God Said: Let there be Dojo

11 February 2008

Stef Porter guides you through NOODLE HEAVEN and NOODLE HELL

Picture the scene. Four good mates. Just been to see a play at Queen’s. It’s half nine. We’re all hungry, but none of us wants to be wined and dined. We don’t want a two-hour three-course sit-down gourmet dinner. We want something cheap, tasty and warm.

It’s times like this when you hope the gastronomic gods are on your side. That night was one of those nights. It’s like an out-of-body experience as the warm aroma of wok-fried noodles draws you towards Dojo. For those of you who don’t know Dojo Noodle Bar, it’s like Wagamama but about a quid cheaper. If you’re a cheapskate like me, you’re sold. One thing about Oriental noodle bars like this one is that they’re always crammed. Don’t be put off if there’s a queue, as their turnaround is pretty rapid. The atmosphere is noisy, chatty and highly informal. The wait staff patrol earnestly, seizing any loose glassware and unwanted crockery like ravenous birds of prey. A word of warning—do not go on a date/romantic liaison to Dojo. Firstly, it’ll be over before you know it (the story of my life); secondly, your whispered sweet nothings will simply go unheard; thirdly, your longing looks into each other’s eyes will be seen by everyone similarly aligned and could produce unwanted results; fourthly, you will no doubt cover yourself head to toe in noodles; and finally, such is the proximity of the person sitting next to you on your bench that footsie is non-discriminative.

If you want a laugh, a gossip and a good meal, Dojo is ideal. The food is quick, fresh, healthy and flavoursome. The menu clearly describes all constituents of the dish as well as how spicy it is. You have to make an initial decision between soup-based noodles and wok-based noodles, a decision which is pretty self-explanatory. Once you give your order to the waiter or waitress in numeric form, your chosen dish will undoubtedly arrive within five minutes. That night I went for wok-based noodles with duck and mange-tout—39b if I remember rightly. I loved it. Simple, really tasty and filling. It always takes a while to eat if your chopstick skills are as poor as mine! Only costs about 6 quid, which I think is a bargain. All washed down with a cool Japanese beer, you can comfortably buy dinner and a pint for under a tenner. I would strongly recommend Dojo noodle bar for a group of chatty friends with an appetite. And, I think is worth reiterating— Dojo is not the place to relax with a bottle of wine talking to your loved one about Valentine’s trips to Paris.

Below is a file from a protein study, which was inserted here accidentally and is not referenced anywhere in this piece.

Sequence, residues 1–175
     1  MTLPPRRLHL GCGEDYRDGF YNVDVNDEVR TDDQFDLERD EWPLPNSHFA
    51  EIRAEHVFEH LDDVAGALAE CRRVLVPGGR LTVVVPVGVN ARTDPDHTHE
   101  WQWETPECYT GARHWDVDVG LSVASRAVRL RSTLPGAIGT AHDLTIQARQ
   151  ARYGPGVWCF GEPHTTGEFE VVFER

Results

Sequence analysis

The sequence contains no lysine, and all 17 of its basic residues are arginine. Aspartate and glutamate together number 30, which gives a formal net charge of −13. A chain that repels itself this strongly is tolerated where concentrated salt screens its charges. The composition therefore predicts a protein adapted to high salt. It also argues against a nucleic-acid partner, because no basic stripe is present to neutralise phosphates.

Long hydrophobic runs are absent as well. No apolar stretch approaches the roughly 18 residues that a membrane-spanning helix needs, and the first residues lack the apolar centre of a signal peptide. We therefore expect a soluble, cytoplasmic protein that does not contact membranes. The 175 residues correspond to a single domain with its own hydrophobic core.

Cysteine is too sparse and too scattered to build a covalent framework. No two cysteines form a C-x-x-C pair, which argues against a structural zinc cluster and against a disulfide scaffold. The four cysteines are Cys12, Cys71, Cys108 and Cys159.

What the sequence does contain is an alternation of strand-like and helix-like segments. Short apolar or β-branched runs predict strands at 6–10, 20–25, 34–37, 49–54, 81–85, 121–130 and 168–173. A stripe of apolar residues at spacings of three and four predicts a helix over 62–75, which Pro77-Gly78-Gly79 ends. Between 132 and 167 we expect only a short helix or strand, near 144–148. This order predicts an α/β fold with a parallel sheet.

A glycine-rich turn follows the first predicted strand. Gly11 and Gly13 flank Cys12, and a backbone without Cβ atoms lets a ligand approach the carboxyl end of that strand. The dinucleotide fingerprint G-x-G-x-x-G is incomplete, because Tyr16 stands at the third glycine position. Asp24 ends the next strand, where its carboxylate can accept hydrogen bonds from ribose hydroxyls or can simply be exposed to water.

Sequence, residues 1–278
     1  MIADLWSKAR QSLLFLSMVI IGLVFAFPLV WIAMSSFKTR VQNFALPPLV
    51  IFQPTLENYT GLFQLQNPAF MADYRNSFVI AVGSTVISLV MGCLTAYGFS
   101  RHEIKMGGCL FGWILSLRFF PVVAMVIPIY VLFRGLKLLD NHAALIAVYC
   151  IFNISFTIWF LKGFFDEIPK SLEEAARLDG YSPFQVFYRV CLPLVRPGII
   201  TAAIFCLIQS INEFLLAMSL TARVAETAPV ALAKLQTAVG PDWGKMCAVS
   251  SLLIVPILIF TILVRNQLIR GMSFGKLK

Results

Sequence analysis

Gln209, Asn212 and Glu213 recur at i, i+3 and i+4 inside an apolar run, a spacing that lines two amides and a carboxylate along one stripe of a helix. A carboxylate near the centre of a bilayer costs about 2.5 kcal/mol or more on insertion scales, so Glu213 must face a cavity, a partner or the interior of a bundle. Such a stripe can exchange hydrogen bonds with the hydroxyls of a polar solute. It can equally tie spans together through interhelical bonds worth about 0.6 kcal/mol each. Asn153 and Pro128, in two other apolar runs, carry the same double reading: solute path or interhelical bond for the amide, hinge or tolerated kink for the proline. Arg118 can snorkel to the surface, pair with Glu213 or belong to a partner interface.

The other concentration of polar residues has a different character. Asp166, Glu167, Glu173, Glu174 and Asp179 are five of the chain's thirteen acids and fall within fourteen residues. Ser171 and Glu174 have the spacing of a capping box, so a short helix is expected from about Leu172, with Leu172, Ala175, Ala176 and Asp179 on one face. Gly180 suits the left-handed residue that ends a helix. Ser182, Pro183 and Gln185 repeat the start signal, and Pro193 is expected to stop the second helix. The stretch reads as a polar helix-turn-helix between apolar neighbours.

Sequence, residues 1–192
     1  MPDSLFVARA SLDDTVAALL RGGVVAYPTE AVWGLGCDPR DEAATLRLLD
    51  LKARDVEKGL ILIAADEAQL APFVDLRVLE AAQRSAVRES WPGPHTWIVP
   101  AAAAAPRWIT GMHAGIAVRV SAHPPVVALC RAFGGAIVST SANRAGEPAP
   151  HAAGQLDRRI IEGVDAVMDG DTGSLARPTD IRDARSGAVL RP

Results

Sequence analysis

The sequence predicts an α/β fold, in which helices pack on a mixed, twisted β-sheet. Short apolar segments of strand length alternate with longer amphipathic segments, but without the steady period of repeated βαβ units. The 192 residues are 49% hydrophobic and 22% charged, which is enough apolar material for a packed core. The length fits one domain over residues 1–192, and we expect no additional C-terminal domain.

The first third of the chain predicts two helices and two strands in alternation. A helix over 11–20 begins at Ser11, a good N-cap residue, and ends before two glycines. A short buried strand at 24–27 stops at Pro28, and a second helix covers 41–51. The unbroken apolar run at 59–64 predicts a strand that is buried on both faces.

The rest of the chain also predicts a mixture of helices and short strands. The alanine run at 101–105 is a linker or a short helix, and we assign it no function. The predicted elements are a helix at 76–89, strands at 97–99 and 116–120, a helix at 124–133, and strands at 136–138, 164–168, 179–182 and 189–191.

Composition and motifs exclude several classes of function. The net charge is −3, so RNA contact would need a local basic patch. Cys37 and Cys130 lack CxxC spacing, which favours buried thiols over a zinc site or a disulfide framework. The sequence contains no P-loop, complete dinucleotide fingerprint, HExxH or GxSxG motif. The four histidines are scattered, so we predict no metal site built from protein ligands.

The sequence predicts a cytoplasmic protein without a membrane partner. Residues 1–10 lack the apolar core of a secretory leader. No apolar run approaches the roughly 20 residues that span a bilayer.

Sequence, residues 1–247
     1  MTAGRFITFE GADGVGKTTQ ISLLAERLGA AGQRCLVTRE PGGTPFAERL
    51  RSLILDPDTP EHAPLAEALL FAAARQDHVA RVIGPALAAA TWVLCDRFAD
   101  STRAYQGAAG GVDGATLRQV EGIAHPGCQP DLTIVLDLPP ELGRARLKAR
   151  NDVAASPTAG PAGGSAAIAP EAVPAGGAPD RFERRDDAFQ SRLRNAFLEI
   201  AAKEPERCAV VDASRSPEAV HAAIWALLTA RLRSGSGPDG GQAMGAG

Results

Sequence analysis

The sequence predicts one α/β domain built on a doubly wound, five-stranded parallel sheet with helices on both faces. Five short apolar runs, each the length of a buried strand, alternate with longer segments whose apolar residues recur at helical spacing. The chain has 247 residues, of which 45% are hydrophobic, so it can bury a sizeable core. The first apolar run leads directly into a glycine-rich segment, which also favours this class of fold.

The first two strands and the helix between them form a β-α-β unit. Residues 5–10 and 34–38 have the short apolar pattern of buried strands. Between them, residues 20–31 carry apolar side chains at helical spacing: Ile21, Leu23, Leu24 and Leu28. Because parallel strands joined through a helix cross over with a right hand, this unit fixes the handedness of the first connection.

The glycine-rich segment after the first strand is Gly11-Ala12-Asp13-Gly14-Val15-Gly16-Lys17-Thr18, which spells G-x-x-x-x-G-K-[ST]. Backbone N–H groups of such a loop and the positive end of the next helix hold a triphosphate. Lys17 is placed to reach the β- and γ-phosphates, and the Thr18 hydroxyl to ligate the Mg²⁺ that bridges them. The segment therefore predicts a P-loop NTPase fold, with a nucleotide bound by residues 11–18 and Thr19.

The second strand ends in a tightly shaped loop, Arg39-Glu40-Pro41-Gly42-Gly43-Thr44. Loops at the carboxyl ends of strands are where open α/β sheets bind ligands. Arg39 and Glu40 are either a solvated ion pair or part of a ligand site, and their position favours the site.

…and thus spake SATANOODLE

As a man committed to food in every way, I see it as my responsibility to delve into the hidden depths of the Sainsbury’s Basics range. To tie in with our Oriental theme I plumped for the tantalising option of Sainsbury’s Basics Chicken Flavour Instant noodles priced 9p. This decision was a rookie error. I must now come clean; I do have several packets of these noodles in my kitchen cupboard which I regularly throw into stir-fries.

On this occasion, however, I chose to dine simply on the noodles themselves with the “chicken” flavouring powder. I think to say that it tastes like chicken is a little misguided. Anyway, I closely followed the fool-proof instructions and ended with a yellow sticky gloop. I was not particular excited. Perhaps the most extraordinary concept to grasp is that as you devour your noodles, which start off with a soupy consistency, the starchy pile gradually turns to a cumbersome brick. Not pretty. It was one of life’s lessons that I will never forget. My advice is to open the packet of noodles and ceremoniously dispose of the “chicken” element.